The President of Venezuela, Hugo Chavez, before the United Nations General Assembly, calls U.S. President Bush “the devil,” and goes on to say that the very podium where he is standing still smells of “sulfur,” referring to President Bush’s presence while giving a speech there less than 24 hours earlier.
Pope Benedict decides to reference an obscure 14th Century text which stated that Islam is “evil” and “inhuman.” Followers of Muhammed become angry, protests erupt. The Pope issues an apology for how people reacted to what he said.
Doesn’t this all sound like bullies in the schoolyard? “I know you are, but what am I.”
“I can say what I want. There’s free speech, isn’t there?”
“I’m mad and I’m going to say something about it.”
Notice something here?
These things being said, and many being said throughout other centers of power around the world, are the stupid words of men. Controlling, powerful men who have forgotten what their mothers told them when they were boys: “If you don’t have anything nice to say, don’t say anything at all.”
What’s with this name calling? My religion is better than yours? You’re the bad guy, I’m the good guy?
(Meanwhile the true believers go to worship in cars filled with Venezuelan gas and pray for peace in the mad world in which s/he lives.)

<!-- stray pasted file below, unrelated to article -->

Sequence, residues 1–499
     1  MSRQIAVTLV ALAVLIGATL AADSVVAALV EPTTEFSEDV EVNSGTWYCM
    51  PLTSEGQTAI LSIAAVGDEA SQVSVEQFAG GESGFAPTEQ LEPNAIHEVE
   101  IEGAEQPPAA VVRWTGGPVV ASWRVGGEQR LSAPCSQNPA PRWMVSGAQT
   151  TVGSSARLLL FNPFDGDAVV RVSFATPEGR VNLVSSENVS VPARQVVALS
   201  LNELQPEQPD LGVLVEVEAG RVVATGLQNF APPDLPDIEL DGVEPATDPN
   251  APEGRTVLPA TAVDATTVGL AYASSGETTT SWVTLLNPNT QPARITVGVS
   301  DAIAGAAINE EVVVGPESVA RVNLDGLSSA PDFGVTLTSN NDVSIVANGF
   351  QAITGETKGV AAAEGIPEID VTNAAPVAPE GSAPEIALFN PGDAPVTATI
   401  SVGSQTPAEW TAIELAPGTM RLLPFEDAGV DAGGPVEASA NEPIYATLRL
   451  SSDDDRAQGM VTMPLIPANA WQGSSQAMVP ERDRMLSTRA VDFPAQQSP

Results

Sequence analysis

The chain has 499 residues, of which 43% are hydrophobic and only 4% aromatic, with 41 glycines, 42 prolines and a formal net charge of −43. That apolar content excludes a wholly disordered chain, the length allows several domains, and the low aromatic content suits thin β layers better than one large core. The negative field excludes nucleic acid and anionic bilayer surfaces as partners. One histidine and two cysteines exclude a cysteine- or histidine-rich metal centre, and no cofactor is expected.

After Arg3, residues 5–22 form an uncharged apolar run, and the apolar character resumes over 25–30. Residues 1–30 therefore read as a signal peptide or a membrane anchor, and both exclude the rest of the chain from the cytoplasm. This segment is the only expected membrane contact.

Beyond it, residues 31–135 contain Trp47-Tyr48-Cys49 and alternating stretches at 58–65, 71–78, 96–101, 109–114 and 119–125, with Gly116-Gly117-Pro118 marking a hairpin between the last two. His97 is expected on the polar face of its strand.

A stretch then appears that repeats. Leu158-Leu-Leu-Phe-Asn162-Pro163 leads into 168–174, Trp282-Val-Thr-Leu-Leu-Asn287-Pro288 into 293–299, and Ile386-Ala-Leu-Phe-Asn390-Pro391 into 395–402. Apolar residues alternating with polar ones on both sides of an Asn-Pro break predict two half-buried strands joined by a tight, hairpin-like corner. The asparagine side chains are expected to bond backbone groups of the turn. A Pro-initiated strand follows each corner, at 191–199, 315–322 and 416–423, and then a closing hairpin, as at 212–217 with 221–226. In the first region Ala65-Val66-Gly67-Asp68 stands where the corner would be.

“You have been told also that life is darkness, and in your weariness you echo what was said by the weary.
And I say that life is indeed darkness save when there is urge,
And all urge is blind save when there is knowledge,
And all knowledge is vain save when there is work,
And all work is empty save when there is love;
And when you work with love you bind yourself to yourself, and to one another, and to God.
And what is it to work with love?
It is to weave the cloth with threads drawn from your heart, even as if your beloved were to wear that cloth.
It is to build a house with affection, even as if your beloved were to dwell in that house.
It is to sow seeds with tenderness and reap the harvest of with joy, even as if your beloved were to eat the fruit.
It is to charge all things you fashion with a breath of your own spirit,
And to know that all the blessed dead are standing about you and watching.”
—–Kahlil Gibran, The Prophet
To work with love, and to think while doing so that all the dead are standing around us, watching us.
Haunting, save when the light of true love is present in our actions.
(written 24 September 2006)